2022 RISE Awards

The Office of Sponsored Projects and Technology Commercialization is pleased to announce the 2022 RISE Awardees. This program provides the opportunity to honor faculty that have distinguished themselves through research and innovation, and made noteworthy contributions to Weber State, the community, and the world. Awardees receive $1,500 and recognition for their contributions to research and innovation.

2022 Awardees

James Taylor (OSP Director), Brad Mortensen (President), Taylor Foss, Madeline Mackie, Julian Chan, Ravi Krovi (Provost)


Outstanding Researcher Award
Dr. Julian Chan

Dr. Chan is a professor of Mathematics whose research ranges from statisstical and mathematical methodology to statistical applications in a variety of fields. Since his arrival at Weber State University, he has published eleven academic peer-reviewed journal articles and strives to incorporate numerous undergraduate and graduate students into his research and projects. Many of his research publications focus on practical ways to improve individual health through diet and exercise using statistically important methods. His articles have appeared in top journals such as the Journal of Algebra, the Journal of Statistical Planning and inference, and the Biometrical Journal. In addition, he has played major roles in both the creation of the undergraduate BS degree at WSU in Computational Statistics and Data Science as well as the Masters of Data Science that was just approved and submitted this last year. As a founding member, Dr. Chan was instrumental in the collaborative development of the program curriculum, program prerequisites, and coordination with other departments. While at Weber, he has worked hard to improve student success and experiences with mathematics. He has worked with the Math Summer Bridge Program (since renamed Math Preparatory Workshop) to help struggling math students during the summer earn prerequisite math course credits as well as aided in the development of the innovative general education course, Pattern Play — a course designed to incorporate pedagogical strategies qualitatively different from the traditional lecture-based learning. Dr. Chan's work is not only impactful as a research professional but also has great influence on Weber State students.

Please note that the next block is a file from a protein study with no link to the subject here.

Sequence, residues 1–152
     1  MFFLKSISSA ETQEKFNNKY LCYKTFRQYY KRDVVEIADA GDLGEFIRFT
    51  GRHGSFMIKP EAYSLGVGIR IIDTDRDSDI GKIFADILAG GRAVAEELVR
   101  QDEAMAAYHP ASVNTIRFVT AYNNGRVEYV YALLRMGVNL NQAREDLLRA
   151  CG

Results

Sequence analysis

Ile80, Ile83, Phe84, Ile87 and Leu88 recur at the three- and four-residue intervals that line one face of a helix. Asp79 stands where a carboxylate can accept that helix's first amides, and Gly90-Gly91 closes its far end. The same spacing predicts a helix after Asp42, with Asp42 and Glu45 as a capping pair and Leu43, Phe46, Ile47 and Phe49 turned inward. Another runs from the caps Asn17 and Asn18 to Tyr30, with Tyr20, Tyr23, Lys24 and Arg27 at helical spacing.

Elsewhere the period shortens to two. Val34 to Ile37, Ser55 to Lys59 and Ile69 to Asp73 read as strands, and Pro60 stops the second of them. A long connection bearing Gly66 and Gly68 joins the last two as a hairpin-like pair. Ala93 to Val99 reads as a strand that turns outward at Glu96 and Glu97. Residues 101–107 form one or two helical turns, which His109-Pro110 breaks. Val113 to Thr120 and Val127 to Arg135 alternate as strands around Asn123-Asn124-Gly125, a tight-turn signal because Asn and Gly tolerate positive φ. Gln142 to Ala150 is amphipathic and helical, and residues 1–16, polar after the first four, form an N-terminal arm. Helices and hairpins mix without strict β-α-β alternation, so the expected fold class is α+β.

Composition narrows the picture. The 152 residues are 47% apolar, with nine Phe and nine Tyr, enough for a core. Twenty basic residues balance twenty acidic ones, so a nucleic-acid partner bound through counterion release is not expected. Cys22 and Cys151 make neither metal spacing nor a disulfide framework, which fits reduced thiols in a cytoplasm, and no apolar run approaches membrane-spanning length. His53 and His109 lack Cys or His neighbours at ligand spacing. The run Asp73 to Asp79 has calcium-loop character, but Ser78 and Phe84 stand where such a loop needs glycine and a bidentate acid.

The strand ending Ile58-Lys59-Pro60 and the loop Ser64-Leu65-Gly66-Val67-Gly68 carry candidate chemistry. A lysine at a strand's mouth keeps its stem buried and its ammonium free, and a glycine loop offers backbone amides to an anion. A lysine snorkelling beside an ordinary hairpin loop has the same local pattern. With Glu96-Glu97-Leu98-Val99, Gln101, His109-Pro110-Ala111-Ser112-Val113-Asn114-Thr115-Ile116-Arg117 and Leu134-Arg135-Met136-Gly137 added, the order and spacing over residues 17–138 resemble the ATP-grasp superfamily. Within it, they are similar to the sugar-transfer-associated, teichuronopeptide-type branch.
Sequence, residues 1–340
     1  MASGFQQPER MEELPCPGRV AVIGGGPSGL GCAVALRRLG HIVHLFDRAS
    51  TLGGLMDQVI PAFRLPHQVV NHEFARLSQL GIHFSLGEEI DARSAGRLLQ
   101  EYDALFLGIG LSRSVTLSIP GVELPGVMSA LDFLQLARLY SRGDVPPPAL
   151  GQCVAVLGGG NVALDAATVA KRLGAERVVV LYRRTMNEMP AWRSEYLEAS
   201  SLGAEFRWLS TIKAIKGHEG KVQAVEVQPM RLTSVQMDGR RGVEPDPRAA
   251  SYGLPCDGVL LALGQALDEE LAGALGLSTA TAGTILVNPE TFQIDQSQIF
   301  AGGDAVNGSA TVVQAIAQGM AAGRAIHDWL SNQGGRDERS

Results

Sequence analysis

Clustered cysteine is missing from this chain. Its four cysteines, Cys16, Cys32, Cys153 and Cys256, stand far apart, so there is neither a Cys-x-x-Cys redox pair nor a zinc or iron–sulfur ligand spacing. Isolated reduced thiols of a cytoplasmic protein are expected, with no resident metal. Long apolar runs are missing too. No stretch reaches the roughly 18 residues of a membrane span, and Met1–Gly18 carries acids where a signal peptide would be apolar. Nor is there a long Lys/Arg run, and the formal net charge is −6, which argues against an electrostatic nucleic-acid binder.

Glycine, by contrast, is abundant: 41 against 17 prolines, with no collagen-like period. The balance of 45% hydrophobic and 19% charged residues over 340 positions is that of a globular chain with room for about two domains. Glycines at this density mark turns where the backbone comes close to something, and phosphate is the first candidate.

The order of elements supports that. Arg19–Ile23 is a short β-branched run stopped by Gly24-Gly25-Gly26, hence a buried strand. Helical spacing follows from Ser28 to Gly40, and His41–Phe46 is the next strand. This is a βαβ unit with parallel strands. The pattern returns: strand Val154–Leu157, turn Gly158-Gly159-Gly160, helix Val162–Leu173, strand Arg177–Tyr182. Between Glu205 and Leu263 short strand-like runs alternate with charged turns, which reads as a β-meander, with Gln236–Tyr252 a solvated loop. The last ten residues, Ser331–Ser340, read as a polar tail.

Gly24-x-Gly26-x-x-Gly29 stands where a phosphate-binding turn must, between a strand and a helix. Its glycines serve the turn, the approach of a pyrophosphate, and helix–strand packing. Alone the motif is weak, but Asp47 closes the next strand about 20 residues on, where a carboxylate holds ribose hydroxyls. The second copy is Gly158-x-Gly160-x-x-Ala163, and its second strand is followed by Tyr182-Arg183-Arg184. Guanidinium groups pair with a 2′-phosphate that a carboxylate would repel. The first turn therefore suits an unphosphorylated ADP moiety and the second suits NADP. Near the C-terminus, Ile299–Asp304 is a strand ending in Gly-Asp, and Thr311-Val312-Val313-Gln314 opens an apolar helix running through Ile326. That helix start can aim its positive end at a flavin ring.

Programmatic Impact Award
Mr. Taylor Foss

Mr. Foss is an instructor with the Concept Center of the College of Engineering, Applied Sciences, and Technology (EAST) who has been working for years to create innovative solutions to problems both within Weber State and externally within the community. Through the Concept Center, Foss has worked with students on both short- and longer-term projects that not only earn course credit, but also allow for students to be paid for their work and get a unique hands-on experience working with customers from the early stages of scoping project to assessing the next steps of development through prototyping. Some of the unique projects that he has worked on include: a solar-powered low-power information sign to be used in UTA bus stops, a new throttle grip for the F-16s out of Hill Air Force Base, a waterjet cutout art display for a public venue in Bountiful, and he creating of a test fixture for the testing of Electrafly composite struts. Foss has been key to the Concept Center’s economic viability by choosing the pay and non-pay projects he has students work on and will no doubt expand and benefit the WSU community in the future. It seems that there is no problem that Taylor cannot solve.


Emerging Researcher Award
Dr. Madeline Mackie

Dr. Madeline Mackie is an Assistant Professor of Anthropology in the Sociology department at Weber State University whose research focuses on understanding the lives of the original inhabitants of Western North American. Currently, Dr. Mackie is investigating a nearly 13,000-year-old mammoth butchery site that includes a camp where the entire community lived. Her research allows us to create a much more humanistic picture of the past including an understanding of diet, resource sharing, cooperation and mobility rather than the hunting focused imagery that that often dominates historic reconstructions. Dr. Mackie is a thought leader in her field whose voice is in high demand. Since coming to WSU last year, she has co-authored five peer-reviewed publications, been invited to three different guest lectures to various professional and avocational organizations, been interviewed for an article in Archaeology Magazine as well as for an episode of Ancient Yellowstone, and has been a featured guest on the podcast, A Life in Ruins. Dr. Mackie is also defining what it means to bring high impact educational experiences to the classroom by planning on involving her students in her field work - giving them practical experience to the concepts studied in the classroom. Dr. Mackie is budding pioneer in both research and the classroom.